Google Ads and the PPC Keyword Match Game
Years ago, I used to watch The Match Game, a game show featuring contestants trying to match answers given by celebrity panelists to fill-in-the-blank questions with the queries often formed as hilarious double entendres.
The object of the game was to match the answers given by celebrity panelists to fill-in-the-blank statements.
A couple of classic examples:
- “Mary likes to pour gravy all over John’s _____?”
- “Johnny always put butter on his _____?”
There was a Head-to-Head Match segment during which the contestant was instructed that his or her response must be an Exact Match, although singular/plural matches were usually accepted; synonyms, derivatives, and partial word phrases were not.
If you are a Game Show Junky you can catch reruns of The Match Game at https://www.gameshownetwork.com.
By now you are wondering what does an old school game show have to do with PPC?
Well, Google has begun playing games with Keyword Matches.
Years ago, there were three basic types of Keywords:
- Broad Match
- “Phrase Match”
- [Exact Match]
Based on years of results, we assigned a Value to the various types of Keyword Matches to guide our Bidding.
- Exact Match = 100%
- Phrase Matches were valued at 75% of an Exact Match
- Broad Matches were valued at 25% of an Exact Match
For example, if our Bids were $10.00 for an Exact Match Keyword, we Bid $7.50 for a Phrase Match version of that same term, and $2.50 for the Broad Match.
We pursued this policy because Exact Match Keywords had the best Conversion Rates and ROI while Phrase Match Keywords performed okay, but with lower returns. Broad Match Keywords had the worst Conversion Metrics, so why pay the same amount for a Broad Match as an Exact Match? It just did not make sense.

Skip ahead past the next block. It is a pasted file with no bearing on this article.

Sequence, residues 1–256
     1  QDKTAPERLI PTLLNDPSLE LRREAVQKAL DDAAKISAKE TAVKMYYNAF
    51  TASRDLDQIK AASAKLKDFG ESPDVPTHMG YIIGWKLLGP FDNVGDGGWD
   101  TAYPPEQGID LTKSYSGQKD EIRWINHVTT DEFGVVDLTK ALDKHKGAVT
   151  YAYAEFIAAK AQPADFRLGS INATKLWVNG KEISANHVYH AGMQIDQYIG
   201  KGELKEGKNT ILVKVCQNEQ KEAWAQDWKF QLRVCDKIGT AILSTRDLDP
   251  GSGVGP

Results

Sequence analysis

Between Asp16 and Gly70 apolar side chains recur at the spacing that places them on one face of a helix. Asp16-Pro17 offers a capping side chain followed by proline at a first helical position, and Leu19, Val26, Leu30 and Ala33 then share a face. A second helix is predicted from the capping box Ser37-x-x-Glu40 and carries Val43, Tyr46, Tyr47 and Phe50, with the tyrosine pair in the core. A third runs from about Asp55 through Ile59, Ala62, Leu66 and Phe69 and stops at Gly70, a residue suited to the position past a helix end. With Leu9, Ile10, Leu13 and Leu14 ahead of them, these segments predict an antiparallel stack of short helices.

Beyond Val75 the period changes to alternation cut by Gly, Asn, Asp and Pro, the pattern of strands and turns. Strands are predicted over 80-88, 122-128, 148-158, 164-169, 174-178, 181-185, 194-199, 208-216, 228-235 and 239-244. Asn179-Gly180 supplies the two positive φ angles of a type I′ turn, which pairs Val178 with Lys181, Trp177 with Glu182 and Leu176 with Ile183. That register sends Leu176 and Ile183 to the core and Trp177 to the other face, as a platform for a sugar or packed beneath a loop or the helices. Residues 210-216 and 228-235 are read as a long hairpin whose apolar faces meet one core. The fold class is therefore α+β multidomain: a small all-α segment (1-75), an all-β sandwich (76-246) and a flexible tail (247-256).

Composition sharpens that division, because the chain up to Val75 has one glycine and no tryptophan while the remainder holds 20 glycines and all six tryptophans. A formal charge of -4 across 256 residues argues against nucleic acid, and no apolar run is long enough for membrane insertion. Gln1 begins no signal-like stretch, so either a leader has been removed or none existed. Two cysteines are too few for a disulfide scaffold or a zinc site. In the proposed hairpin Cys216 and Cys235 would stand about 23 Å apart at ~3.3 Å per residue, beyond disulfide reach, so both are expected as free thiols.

At one point, we abandoned the use of Broad Match Keywords altogether as we could achieve client goals without them with better Conversion Metrics and lower Cost.
In 2010, Google introduced the +Broad +Match +Modifier Keyword option, which allowed advertisers to specify certain words (with a plus sign) that had to be included in search queries.
BMMs were a huge improvement over regular Broad Matches as they operated more like Phrase Matches while vastly reducing the undesirable Impressions and Clicks that came with Broad Match use. We began using Broad Match Modified Keywords and assigned a higher Value to them than regular Broad Match Keywords. We still opted to avoid the latter.
As of February 18, 2021, Google expanded the Phrase Match type to match more search queries, and Broad Match Modified Keywords wereretired.
We use the same Keywords in various combinations in most PPC Campaigns that we manage. As of February 18, we have two options:
- Delete the Broad Match Modified Keyword as being a Duplicate Keyword or Redundant
- Convert the Broad Match Modified Keyword into a true Broad Match type
The purpose of the Keyword changes is to support the ongoing push towards full automation, but at what cost?
The following practices are considered impediments to evolving search practices based upon Machine-Learning:
- Exact Match and Phrase Match Keywords; they limit Impressions and Click Volume
- Employing “Duplicate” Keywords across every Match Type as it is no longer considered beneficial to do so
- Using Negative Keywords
- Manual Bidding at the Keyword Level and using Bid Adjustments or Bidding Rules
- Having Fixed Budgets instead of Unconstrained (a euphemism for Unlimited) Budgets
The above practices just get in the way of Machine Learning, which no longer needs –
- Well-defined Account Structures
- A focus on Quality Scores
- Negative Keywords
One of the avowed benefits of caving in – or in BS Bingo, Leaning Into – Machine-Learning is that PPC Managers can save an enormous amount of time by not having to devote as much time to manually optimize Accounts while having extra time to focus on Strategy.
Right now, we are spending an awful lot of time trying to develop strategies to offset huge increases in Costs and decreases in Conversions that are occurring with the shakeup in Keyword Matches and Machine-Learning.
To be fair, we are having some success with Machine-Learning, but results are inconsistent. Some Accounts / Campaigns benefit more than others. Maybe 15% of our clients are currently experiencing adverse effects in the early days of this Keyword Match type shake-up.
Back to The Match Game:
- “When Goofy Google asks me to rely more on Broad Match Keywords, I want to _____?”
- “Pay per Click Clients just love spending more to get _____?”